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EU agriculture officials work on ways to move Ukrainian grain to the world

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THE HAGUE, Netherlands — European Union agriculture ministers met Tuesday to discuss ways of moving grain vital to global food security out of Ukraine after Russia halted a deal that allowed Black Sea exports. At the same time, countries bordering the war-ravaged nation are seeking to protect prices for their farmers.

Germany’s agriculture minister, Cem Ozdemir, warned that they must seek to balance those two issues without eroding the 27-nation bloc’s support for Ukraine.

If cracks open up in EU unity, “the only one who is happy is Vladimir Putin,” he said of Russia’s leader.

The ministers met in Brussels for the first time since Russia pulled the plug last week on the wartime deal that allowed grain to flow from Ukraine to countries in Africa, the Middle East and parts of Asia, where hunger is a growing threat and food prices are high.

That leaves routes by river, road and rail through Europe as the only ways for Ukraine, a major global supplier of wheat, barley, corn and vegetable oil, to export its products. But recent attacks are raising questions about a crucial route through the Danube River, which has carried millions of tons of Ukrainian food to Romania’s Black Sea ports every month.

The road and rail routes through neighboring countries have stirred anger from local farmers faced with a glut of Ukrainian grain that has driven down prices and hurt their livelihoods. It’s not ideal for agriculture-dependent Ukraine either, whose growers face higher transportation costs and lower capacity.

Poland’s agriculture minister Robert Telus was set to tell the EU meeting that his country, along with Slovakia, Hungary, Romania and Bulgaria, want to extend their ban on Ukrainian grain imports but will still allow food to move through their countries to the world.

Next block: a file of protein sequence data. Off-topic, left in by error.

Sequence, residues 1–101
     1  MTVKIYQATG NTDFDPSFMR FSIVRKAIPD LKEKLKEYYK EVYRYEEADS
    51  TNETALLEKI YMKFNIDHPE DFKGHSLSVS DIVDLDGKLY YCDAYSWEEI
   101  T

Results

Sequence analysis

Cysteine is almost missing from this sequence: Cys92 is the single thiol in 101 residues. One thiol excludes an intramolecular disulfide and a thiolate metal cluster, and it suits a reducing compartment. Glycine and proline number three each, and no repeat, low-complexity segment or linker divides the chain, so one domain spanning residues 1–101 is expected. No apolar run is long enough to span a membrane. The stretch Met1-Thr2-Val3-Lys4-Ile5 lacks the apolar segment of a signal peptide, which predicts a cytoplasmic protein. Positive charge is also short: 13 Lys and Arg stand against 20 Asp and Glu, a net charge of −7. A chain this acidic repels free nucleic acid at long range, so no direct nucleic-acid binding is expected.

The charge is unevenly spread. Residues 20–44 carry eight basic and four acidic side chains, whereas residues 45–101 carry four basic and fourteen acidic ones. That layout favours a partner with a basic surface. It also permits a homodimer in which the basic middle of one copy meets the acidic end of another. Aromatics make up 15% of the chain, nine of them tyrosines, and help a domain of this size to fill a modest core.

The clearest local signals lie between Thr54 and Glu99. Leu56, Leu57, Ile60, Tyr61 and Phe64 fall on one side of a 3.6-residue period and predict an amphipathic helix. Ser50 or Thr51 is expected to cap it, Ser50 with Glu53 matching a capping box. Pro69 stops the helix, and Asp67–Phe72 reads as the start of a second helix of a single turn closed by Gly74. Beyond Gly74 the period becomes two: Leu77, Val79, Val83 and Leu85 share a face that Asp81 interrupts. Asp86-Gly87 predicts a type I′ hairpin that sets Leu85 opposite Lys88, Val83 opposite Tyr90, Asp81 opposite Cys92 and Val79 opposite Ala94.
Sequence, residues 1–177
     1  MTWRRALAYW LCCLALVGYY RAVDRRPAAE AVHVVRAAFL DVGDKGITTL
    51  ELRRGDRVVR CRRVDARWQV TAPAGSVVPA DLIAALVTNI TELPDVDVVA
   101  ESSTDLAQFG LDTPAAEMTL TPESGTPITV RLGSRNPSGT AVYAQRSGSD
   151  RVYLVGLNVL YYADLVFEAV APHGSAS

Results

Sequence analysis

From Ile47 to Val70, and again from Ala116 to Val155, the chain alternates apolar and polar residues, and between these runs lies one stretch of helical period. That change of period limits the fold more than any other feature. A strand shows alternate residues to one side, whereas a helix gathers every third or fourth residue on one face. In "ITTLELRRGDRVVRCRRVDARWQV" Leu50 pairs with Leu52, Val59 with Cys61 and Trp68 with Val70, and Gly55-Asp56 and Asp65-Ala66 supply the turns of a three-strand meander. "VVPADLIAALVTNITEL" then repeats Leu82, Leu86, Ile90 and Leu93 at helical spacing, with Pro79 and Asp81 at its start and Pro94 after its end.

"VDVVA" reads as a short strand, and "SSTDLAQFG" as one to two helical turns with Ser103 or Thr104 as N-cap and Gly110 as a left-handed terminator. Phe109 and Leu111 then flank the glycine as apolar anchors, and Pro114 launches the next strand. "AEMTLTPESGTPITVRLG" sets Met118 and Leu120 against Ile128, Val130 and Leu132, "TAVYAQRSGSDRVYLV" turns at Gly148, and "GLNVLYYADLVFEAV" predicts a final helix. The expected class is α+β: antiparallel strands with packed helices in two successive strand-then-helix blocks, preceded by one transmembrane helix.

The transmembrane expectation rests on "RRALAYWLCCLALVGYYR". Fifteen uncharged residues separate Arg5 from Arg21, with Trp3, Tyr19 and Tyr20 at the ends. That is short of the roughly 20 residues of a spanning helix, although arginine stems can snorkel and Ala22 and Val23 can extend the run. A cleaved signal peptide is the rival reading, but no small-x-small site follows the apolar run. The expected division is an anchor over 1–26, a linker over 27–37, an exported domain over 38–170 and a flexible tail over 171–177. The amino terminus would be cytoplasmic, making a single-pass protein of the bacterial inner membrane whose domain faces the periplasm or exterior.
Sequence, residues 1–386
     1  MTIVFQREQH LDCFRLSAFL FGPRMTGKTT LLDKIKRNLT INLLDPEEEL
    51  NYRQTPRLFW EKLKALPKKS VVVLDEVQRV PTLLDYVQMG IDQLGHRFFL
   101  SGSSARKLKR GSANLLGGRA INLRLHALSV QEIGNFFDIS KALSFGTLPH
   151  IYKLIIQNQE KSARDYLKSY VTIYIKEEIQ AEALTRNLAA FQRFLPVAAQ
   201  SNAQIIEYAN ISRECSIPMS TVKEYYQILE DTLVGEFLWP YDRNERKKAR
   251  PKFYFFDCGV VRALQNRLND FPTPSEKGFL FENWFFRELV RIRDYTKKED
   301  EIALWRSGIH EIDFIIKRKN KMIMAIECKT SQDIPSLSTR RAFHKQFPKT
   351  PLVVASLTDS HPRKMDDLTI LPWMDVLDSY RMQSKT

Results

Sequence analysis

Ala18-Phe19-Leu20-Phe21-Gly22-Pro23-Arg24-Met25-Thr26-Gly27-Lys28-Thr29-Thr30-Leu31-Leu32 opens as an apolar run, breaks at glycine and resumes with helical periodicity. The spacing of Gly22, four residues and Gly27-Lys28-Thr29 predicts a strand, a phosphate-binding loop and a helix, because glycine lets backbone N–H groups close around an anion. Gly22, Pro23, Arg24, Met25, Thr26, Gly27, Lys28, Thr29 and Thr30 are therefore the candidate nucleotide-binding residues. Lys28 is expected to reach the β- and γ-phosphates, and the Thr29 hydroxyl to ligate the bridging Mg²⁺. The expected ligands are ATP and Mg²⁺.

The ban is scheduled to expire in mid-September. European Commission spokeswoman Miriam Garcia Ferrer said “we are working very intensively with the five member states concerned.”

The ministers “must make sure that the Ukrainian grain can reach the global markets via EU territory,” said Finland’s agriculture minister, Sari Essayah.

Lithuania’s agriculture minister, Kęstutis Navickas, suggested that export procedures for grain could be shifted from the Ukraine-Polish border to Lithuanian ports as a way of preventing grain from getting stuck in countries near Ukraine.

Germany’s Ozdemir appeared to support the plan, saying Ukrainian grain could be transported in sealed containers to ports in the Baltics.

“I’m sure the friends from the Baltics would be happy to help and then transport to where it’s needed in the Global South,” Ozdemir said.

European Commission spokesman Adalbert Jahnz said exports via the Baltics are “extremely important … and we are committed to working on that as well.”

In Moscow, Kremlin spokesman Dmitry Peskov said it’s up to the Baltic countries to decide on the issue.

“It is a sovereign right of these states, and there is hardly anything for us to assess here,” he said. “But it is very important to us that various delivery channels must not be used by the Kiev regime for military purposes and for the purposes by of staging terrorist attacks on our territory. We will continue to counter that.”

Over the past several days, Russia has targeted Ukrainian critical grain export infrastructure since it vowed retribution for an attack that damaged a crucial bridge between Russia and the Moscow-annexed Crimean Peninsula. Russian officials blamed that strike on Ukrainian drone boats.

Ukraine also is seeking to continue exporting grain by sea. It sent a letter to the United Nations International Maritime Organization establishing its own temporary shipping corridor, saying it would “provide guarantees of compensation for damage.”

But Russia warned it would assume ships traversing parts of the Black Sea to be carrying weapons to Ukraine. In a seeming tit-for-tat move, Ukraine said vessels heading to Russian Black Sea ports would be considered “carrying military cargo with all the associated risks.”

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